The Gulf of Mannar Biosphere Reserve covers an area of 1,050,000 hectares on the south-east coast of India across from Sri Lanka. It is one of the world’s richest regions from a marine biodiversity perspective. The biosphere reserve comprises 21 islands with estuaries, beaches, forests of the nearshore environment, including a marine component with algal communities, sea grasses, coral reefs, salt marshes and mangroves. Among the Gulf’s 3,600 plant and animal species are the globally endangered sea cow (Dugong dugon) and six mangrove species endemic to peninsular India.
The inhabitants are mainly Marakeyars, local people principally engaged in fisheries. There are about 47 villages along the coastal part of the biosphere reserve which support some 100,000 people (200,000 seasonally as of 2001). The Global Environmental Facility (GEF) has provided support to the establishment of the biosphere reserve, including the setting up and functioning of the Gulf of Mannar Biosphere Reserve Trust, which is responsible for the coordination of the management plan for the biosphere reserve in concertation with government agencies, private entrepreneurs, and local people’s representatives. Priority is being given to encouraging community-based management.
The Gulf of Mannar Biosphere Reserve is located between the southeastern tip of India and the west coast of Sri Lanka. It comprises of 21 islands and the adjoining coastline, constituting an area of 10,500 sq. km. The biosphere reserve was established in 1989 and was recognised by UNESCO in the year 2001.. The rivers arising in the neighbouring regions of India as well as Sri Lanka drain into this gulf.
This region has a predominant marine ecosystem and is known for its vast coral reefs, mangroves, estuaries, algae communities and lagoons. There is a small portion based on land as well. The Reserve is marked by abundant biodiversity and supports a variety of aquatic flora and fauna. Over 117 species of corals are present in the reefs and 17 species of mangrove can be found here, 6 of which are endemic to this reserve. This region houses one of the highest concentrations of seagrass beds in India. These beds are a source of nourishment and also act as breeding grounds for aquatic creatures like sea turtles, dolphins, sharks, and sea cows. The sea cow, or dugong, a globally endangered species, is found in this habitat.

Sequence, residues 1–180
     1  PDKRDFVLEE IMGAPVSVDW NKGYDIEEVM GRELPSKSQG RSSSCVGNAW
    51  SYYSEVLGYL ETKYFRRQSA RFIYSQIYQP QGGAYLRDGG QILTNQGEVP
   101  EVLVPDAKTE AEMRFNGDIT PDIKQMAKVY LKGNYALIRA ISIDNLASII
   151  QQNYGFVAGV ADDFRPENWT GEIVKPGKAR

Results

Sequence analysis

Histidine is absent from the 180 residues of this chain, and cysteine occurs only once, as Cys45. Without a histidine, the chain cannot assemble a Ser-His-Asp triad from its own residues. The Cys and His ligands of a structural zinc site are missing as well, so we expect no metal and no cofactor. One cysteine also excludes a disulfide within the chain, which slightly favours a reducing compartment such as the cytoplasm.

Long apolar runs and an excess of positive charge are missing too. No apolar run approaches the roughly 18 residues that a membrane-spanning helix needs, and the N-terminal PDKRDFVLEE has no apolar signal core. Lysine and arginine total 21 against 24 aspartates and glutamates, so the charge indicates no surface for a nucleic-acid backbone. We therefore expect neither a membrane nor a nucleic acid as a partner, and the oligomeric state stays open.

The reserve also harbours a wide range of flora and fauna on land as well. The Sand Boa, Indian shrew and Spotted ibis are a few examples of land animals that inhabit this reserve. Five different types of forests can be found here - mangrove, littoral, dry mixed deciduous, dry tropical riverine and secondary dry deciduous. On the whole, it is home to over 3,600 species of plants and animals.
Amidst this rich flora and fauna, there exist 47 villages along the coastal area of this reserve where around 100,000 people reside. A majority of these people are Marakeyars who are principally fishermen. However, the over-harvesting of fish, along with pollution and coral bleaching due to high global temperatures, have led to decreased catches. The Gulf of Mannar Biosphere Reserve Trust, set up by the Global Environmental Facility (GEF), looks after the management of this area. The Trust coordinates its efforts with governmental agencies, and private enterprises. One of the important aims of all conservation efforts is to try to engage the local community. The Tamil Nadu Forest Department has made the local fishermen aware of eco-friendly fishing practices and has trained them for the same. The reserve is also used for research and monitoring. Studies have been carried out here on climatology, bioprospecting, monitoring of fisheries, biogeography and the like.
The Gulf of Mannar is separated from the Palk Strait by the Adam’s Bridge, which is popularly known as the Ram Sethu. This bridge is made up of a chain of low islands and reefs. Legends claim that it was built by Lord Rama and hence it is considered as immensely sacred. It attracts people both as nature lovers and pilgrims.